Letter to the Editor: Consider the facts before removing Seminary Road lanes

Letter to the Editor: Consider the facts before removing Seminary Road lanes

To the editor:

The City of Alexandria hosted a May community meeting on safety improvements for pedestrians, bicyclists and vehicles to be implemented next year when Seminary Road is repaved.

The city’s representatives cited Seminary as “a corridor with a high number of KSI (killed or seriously injured) crashes.” All but one of the city’s multiple options that were presented proposed reducing Seminary from two lanes to one each way, while adding two bicycle corridors as replacements.

The city’s Pedestrian and Bicycle Master Plan has included a form of this proposal since 2008, although a representative said a study was needed to assess the actual impact on traffic delays from a 50 percent road reduction, while another said, “there is no reason it could not be done” like it had been for King Street.

Whatever city leaders decide, it would be best to base the decision on available facts rather than opinion. According to Virginia’s TREDS database to which police report all traffic incidents, Seminary Road was actually one of the top three safest “corridors” in Alexandria the two years even before its speed limit was reduced to 25 mph in early 2016; since the 25 mph speed restriction, it has been one of the two safest roadways in the city – with only one traffic incident so far this year.

Seminary Road has had no bicycle accidents in the two and a half years since the speed was reduced to 25 mph, and only one during the two years before the speed reduction.

And there has been a single pedestrian incident since the speed limit was lowered. That one, as well as the five over the previous three years, were at two locations: three at the Inova Hospital intersection between 7 and 8 a.m., and three at Library Lane between 6 and 8 p.m.

As one of the safest Alexandria streets – even more so after its speed was lowered to 25 mph – does the city need to make Seminary Road “more safe” by replacing two of its vehicular lanes with bicycle lane corridors?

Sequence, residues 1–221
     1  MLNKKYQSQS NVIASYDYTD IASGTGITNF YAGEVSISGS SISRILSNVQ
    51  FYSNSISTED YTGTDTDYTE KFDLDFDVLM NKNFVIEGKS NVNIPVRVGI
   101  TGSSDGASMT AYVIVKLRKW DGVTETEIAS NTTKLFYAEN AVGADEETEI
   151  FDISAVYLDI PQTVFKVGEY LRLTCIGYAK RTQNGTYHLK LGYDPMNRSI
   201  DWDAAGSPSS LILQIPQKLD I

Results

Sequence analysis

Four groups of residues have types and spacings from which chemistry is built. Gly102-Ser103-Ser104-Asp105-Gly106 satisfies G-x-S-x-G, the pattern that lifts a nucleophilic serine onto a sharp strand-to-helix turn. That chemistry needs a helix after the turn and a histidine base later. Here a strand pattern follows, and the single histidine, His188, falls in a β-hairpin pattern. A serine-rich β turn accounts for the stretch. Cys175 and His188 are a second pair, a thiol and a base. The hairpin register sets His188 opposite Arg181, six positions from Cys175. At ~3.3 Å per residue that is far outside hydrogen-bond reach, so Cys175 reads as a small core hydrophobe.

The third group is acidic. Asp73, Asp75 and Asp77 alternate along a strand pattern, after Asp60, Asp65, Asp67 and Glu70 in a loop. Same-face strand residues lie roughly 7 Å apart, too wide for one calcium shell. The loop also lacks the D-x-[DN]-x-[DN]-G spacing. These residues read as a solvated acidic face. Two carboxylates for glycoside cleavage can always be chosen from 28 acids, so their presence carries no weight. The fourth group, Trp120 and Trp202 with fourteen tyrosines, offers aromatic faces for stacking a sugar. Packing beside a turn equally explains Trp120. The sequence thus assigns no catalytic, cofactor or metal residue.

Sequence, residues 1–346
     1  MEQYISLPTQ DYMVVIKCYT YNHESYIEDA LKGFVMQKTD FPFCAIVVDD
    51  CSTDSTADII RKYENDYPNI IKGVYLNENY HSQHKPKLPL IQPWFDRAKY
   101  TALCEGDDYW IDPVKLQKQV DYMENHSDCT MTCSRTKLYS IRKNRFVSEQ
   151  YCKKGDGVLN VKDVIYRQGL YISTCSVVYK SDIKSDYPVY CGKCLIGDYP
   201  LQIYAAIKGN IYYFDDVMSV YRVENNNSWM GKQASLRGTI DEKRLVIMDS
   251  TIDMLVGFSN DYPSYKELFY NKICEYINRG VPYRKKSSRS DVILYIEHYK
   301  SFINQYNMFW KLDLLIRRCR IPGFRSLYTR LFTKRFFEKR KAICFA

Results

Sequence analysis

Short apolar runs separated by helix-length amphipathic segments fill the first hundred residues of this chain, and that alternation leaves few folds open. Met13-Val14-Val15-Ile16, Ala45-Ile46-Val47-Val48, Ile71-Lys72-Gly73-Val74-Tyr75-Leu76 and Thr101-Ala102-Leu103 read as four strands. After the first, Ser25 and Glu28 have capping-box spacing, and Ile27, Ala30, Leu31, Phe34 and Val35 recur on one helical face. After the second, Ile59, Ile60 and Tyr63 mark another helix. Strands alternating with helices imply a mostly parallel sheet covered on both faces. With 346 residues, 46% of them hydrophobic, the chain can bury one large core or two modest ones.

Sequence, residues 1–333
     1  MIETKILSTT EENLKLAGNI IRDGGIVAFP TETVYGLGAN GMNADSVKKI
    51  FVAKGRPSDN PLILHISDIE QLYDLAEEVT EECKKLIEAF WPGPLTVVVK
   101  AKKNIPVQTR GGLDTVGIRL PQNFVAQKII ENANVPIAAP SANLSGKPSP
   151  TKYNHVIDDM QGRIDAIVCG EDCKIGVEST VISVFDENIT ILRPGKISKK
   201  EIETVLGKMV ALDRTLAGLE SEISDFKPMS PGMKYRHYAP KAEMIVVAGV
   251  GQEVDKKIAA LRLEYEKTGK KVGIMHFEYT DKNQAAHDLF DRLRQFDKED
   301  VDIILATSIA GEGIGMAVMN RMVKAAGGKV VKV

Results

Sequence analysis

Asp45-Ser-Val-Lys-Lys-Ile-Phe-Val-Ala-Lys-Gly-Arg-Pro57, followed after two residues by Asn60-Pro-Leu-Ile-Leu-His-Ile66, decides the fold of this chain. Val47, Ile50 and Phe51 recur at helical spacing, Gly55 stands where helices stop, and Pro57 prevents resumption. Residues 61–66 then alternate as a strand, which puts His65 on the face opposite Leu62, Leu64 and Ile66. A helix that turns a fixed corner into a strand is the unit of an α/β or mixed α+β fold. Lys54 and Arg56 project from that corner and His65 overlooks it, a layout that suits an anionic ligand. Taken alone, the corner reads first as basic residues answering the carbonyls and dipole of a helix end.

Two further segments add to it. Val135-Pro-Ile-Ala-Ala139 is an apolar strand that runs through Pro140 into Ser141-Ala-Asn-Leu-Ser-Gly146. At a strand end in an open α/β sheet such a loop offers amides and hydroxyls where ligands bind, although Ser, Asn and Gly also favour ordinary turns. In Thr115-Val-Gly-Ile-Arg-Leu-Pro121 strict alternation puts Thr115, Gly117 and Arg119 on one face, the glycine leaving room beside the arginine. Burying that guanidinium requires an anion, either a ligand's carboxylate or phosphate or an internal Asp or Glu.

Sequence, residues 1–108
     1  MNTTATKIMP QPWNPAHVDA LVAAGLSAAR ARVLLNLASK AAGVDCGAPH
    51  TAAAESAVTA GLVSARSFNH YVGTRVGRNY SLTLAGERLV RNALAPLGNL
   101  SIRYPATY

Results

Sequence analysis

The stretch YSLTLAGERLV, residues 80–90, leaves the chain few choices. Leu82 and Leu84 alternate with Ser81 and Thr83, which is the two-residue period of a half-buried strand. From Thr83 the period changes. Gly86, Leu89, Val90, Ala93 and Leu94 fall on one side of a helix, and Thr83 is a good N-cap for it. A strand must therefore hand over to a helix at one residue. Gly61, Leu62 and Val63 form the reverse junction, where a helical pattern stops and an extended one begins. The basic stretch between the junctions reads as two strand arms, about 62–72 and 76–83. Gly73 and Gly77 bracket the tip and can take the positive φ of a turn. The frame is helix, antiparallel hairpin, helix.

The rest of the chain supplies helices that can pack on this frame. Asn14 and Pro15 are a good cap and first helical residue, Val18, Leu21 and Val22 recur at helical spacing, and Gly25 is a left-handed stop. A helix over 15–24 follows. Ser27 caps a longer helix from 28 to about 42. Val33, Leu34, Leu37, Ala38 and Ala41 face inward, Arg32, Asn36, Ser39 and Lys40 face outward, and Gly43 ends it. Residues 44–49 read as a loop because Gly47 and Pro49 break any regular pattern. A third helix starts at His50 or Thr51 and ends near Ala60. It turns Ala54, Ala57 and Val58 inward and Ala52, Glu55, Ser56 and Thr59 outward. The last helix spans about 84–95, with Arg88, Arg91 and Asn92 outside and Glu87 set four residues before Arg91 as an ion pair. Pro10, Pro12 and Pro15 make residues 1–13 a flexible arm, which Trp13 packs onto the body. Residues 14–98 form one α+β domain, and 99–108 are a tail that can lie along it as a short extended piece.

It is a heavily trafficked vehicle corridor now, particularly during rush hour as a connector between Quaker Lane/Duke Street and I-395.

Don’t forget there are 1,750 more parking spaces to be opened at the Mark Center BRAC building after the Defense Department demonstrates “congestion hasn’t [yet] reached failing levels of service.” And it is where the emergency response vehicles egress to and from Inova Hospital and Fire Station 206 – unlike King Street.

In view of its excellent safety record relative to all other Alexandria streets – particularly with the lack of bicycle accidents – it seems maintaining all four of Seminary Road’s lanes for vehicle use at 25 mph makes factual sense, while also preventing any increase in traffic delay. If desired, it would seem reasonable to mark the curb lanes as co-lanes for both bicycles and vehicles in order to serve as a reminder of the occasional bicyclist’s equal right of way.

To address the relatively small number of pedestrian incidents, city funds could be spent wisely at two intersections. At Inova Hospital, a railing that prevents bus passengers from crossing Seminary other than at the light and cross walk is one option. At Library Lane, putting back the fence that prevented crossings other than at the nearby light and crosswalk is another.

An objective review of traffic incidents in Alexandria during the last four and a half years of traffic incidents reveal that a 25 mph Seminary Road has made it one of the safest city streets – not “a corridor with a high number of KSI (killed or seriously injured) crashes.”

But a comprehensive review also shows that there are significant traffic safety problems elsewhere that should be addressed with greater urgency. Regrettably, a number are in less fortunate neighborhoods that might not get as much of a voice in how limited resources are spent, nor be provided a series of public meetings that elicit their safety concerns. However, in government policy, facts should matter, as should equal accountability to all citizens.

-Joe Sestak, Alexandria